The globular cluster Messier 69 is highly unusual for being both incredibly old, at just 5% the Universe’s present age, but also having a very high metal content, at 22% the metallicity of our Sun. (HUBBLE LEGACY ARCHIVE (NASA / ESA / STSCI), VIA HST / WIKIMEDIA COMMONS USER FABIAN RRRR)

And boy, does this globular cluster ever deliver! Despite its stars forming when the Universe was just 5% its present age, the close proximity to the galactic center means that the material its stars formed from were already polluted, and filled with heavy elements. When we deduce its metallicity today, even though these stars formed just a few hundred million years after the Big Bang, we find they have 22% the heavy elements that the Sun does.

So that’s the recipe! Make many generations of stars quickly, form a planet resilient enough around one of the lower-mass, longer-lived stars (like a G-star or a K-star) to protect itself from whatever supernovae, gamma-ray bursts, or other cosmic catastrophes it may encounter, and let the ingredients do what they do. Whether we get lucky or not, there’s certainly an opportunity for life at the centers of the oldest galaxies we could ever hope to discover.

The most distant galaxy ever discovered in the known Universe, GN-z11, has its light come to us from 13.4 billion years ago: when the Universe was only 3% its current age: 407 million years old. But there are even more distant galaxies out there, and we all hope that the James Webb Space Telescope will discover them. (NASA, ESA, AND G. BACON (STSCI))

Wherever we look in space around the centers of galaxies, or around massive, newly forming stars, or in the environments where metal-rich gas is going to form future stars, we find a whole host of complex, organic molecules. These range from sugars to amino acids to ethyl formate (the molecule that gives raspberries their scent) to intricate aromatic hydrocarbons; we find molecules that are precursors to life. We only find them nearby, of course, but that’s because we don’t know how to look for individual molecular signatures much beyond our own galaxy.

But even when we look in our nearby neighborhood, we find some circumstantial evidence that life existed in the cosmos before Earth did. There’s even some interesting evidence that life on Earth didn’t even begin with Earth.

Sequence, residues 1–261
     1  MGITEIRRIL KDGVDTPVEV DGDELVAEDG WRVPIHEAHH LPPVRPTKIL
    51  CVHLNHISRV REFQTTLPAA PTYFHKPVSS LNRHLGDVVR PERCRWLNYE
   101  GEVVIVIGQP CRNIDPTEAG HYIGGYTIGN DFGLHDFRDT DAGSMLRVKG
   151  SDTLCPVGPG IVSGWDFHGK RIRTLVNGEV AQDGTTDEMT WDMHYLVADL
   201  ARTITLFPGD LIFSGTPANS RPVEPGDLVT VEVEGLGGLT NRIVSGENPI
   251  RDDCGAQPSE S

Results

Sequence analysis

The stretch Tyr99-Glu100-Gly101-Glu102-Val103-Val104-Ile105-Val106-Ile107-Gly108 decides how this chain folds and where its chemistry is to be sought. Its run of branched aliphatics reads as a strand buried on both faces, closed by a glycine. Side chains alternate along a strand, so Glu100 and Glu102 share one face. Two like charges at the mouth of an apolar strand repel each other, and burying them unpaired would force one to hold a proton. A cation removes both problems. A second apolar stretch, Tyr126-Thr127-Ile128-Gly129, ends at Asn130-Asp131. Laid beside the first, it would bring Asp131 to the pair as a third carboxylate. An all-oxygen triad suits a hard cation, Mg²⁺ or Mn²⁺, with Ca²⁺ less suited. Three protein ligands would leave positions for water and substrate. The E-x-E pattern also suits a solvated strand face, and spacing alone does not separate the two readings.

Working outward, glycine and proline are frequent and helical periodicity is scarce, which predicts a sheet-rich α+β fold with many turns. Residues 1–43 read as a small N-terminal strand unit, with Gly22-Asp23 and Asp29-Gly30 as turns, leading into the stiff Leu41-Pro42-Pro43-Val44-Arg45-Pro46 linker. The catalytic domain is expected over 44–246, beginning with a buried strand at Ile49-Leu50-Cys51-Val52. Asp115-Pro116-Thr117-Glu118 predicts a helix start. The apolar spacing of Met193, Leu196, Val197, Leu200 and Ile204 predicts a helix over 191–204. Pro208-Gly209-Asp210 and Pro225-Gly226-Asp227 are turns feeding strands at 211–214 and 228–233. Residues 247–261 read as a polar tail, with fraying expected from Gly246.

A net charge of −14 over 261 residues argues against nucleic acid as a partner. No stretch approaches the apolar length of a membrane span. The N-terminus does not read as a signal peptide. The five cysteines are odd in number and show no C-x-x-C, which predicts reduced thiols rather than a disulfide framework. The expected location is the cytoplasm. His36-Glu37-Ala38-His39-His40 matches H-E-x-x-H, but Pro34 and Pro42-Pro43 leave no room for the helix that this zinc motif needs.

On this semilog plot, the complexity of organisms, as measured by the length of functional non-redundant DNA per genome counted by nucleotide base pairs (bp), increases linearly with time. Time is counted backwards in billions of years before the present (time 0). Note that, if we do this extrapolation, we might conclude that life on Earth began billions of years prior to Earth’s formation. (SHIROV & GORDON (2013), VIA ARXIV.ORG/ABS/1304.3381)

We still don’t know how life in the Universe got its start, or whether life as we know it is common, rare, or a once-in-a-Universe proposition. But we can be certain that life came about in our cosmos at least once, and that it was built out of the heavy elements made from previous generations of stars. If we look at how stars theoretically form in young star clusters and early galaxies, we could reach that abundance threshold after several hundred million years; all that remains is putting those atoms together in a favorable-to-life arrangement. If we form the molecules necessary for life and put them in an environment conducive to life arising from non-life, suddenly the emergence of biology could have come when the Universe was just a few percent of its current age. The earliest life in the Universe, we must conclude, could have been possible before it was even a billion years old.

Further reading on what the Universe was like when:

Ethan Siegel is the author of Beyond the Galaxy and Treknology. You can pre-order his third book, currently in development: the Encyclopaedia Cosmologica.